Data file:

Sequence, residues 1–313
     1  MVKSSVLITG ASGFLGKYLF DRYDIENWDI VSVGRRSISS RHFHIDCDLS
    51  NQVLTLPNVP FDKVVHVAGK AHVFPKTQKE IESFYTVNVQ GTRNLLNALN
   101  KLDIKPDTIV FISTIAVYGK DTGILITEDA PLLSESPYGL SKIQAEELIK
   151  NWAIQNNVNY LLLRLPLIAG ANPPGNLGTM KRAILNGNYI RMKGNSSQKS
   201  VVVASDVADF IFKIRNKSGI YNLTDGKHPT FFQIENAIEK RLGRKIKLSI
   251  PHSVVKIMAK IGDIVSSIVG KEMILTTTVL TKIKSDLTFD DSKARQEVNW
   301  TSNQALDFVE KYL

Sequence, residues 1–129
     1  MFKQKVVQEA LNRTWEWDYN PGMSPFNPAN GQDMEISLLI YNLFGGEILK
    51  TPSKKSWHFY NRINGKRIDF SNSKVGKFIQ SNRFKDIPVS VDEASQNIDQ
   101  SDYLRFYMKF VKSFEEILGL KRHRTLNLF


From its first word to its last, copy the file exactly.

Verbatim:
Sequence, residues 1–313
     1  MVKSSVLITG ASGFLGKYLF DRYDIENWDI VSVGRRSISS RHFHIDCDLS
    51  NQVLTLPNVP FDKVVHVAGK AHVFPKTQKE IESFYTVNVQ GTRNLLNALN
   101  KLDIKPDTIV FISTIAVYGK DTGILITEDA PLLSESPYGL SKIQAEELIK
   151  NWAIQNNVNY LLLRLPLIAG ANPPGNLGTM KRAILNGNYI RMKGNSSQKS
   201  VVVASDVADF IFKIRNKSGI YNLTDGKHPT FFQIENAIEK RLGRKIKLSI
   251  PHSVVKIMAK IGDIVSSIVG KEMILTTTVL TKIKSDLTFD DSKARQEVNW
   301  TSNQALDFVE KYL

Sequence, residues 1–129
     1  MFKQKVVQEA LNRTWEWDYN PGMSPFNPAN GQDMEISLLI YNLFGGEILK
    51  TPSKKSWHFY NRINGKRIDF SNSKVGKFIQ SNRFKDIPVS VDEASQNIDQ
   101  SDYLRFYMKF VKSFEEILGL KRHRTLNLF